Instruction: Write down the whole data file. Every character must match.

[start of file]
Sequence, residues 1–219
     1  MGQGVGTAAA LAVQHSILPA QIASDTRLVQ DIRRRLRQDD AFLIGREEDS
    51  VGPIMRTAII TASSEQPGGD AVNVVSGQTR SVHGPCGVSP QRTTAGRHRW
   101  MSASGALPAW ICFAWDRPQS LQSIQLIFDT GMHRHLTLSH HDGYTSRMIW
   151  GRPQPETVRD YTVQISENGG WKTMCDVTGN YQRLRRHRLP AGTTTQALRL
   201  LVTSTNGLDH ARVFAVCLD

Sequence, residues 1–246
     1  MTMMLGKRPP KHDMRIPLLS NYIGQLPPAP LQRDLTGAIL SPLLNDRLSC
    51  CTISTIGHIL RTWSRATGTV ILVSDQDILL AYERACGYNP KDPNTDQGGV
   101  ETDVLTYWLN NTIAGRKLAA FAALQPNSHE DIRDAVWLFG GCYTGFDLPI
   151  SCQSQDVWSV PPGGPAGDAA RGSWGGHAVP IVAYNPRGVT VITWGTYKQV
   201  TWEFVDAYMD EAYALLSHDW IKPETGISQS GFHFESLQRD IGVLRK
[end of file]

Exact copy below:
Sequence, residues 1–219
     1  MGQGVGTAAA LAVQHSILPA QIASDTRLVQ DIRRRLRQDD AFLIGREEDS
    51  VGPIMRTAII TASSEQPGGD AVNVVSGQTR SVHGPCGVSP QRTTAGRHRW
   101  MSASGALPAW ICFAWDRPQS LQSIQLIFDT GMHRHLTLSH HDGYTSRMIW
   151  GRPQPETVRD YTVQISENGG WKTMCDVTGN YQRLRRHRLP AGTTTQALRL
   201  LVTSTNGLDH ARVFAVCLD

Sequence, residues 1–246
     1  MTMMLGKRPP KHDMRIPLLS NYIGQLPPAP LQRDLTGAIL SPLLNDRLSC
    51  CTISTIGHIL RTWSRATGTV ILVSDQDILL AYERACGYNP KDPNTDQGGV
   101  ETDVLTYWLN NTIAGRKLAA FAALQPNSHE DIRDAVWLFG GCYTGFDLPI
   151  SCQSQDVWSV PPGGPAGDAA RGSWGGHAVP IVAYNPRGVT VITWGTYKQV
   201  TWEFVDAYMD EAYALLSHDW IKPETGISQS GFHFESLQRD IGVLRK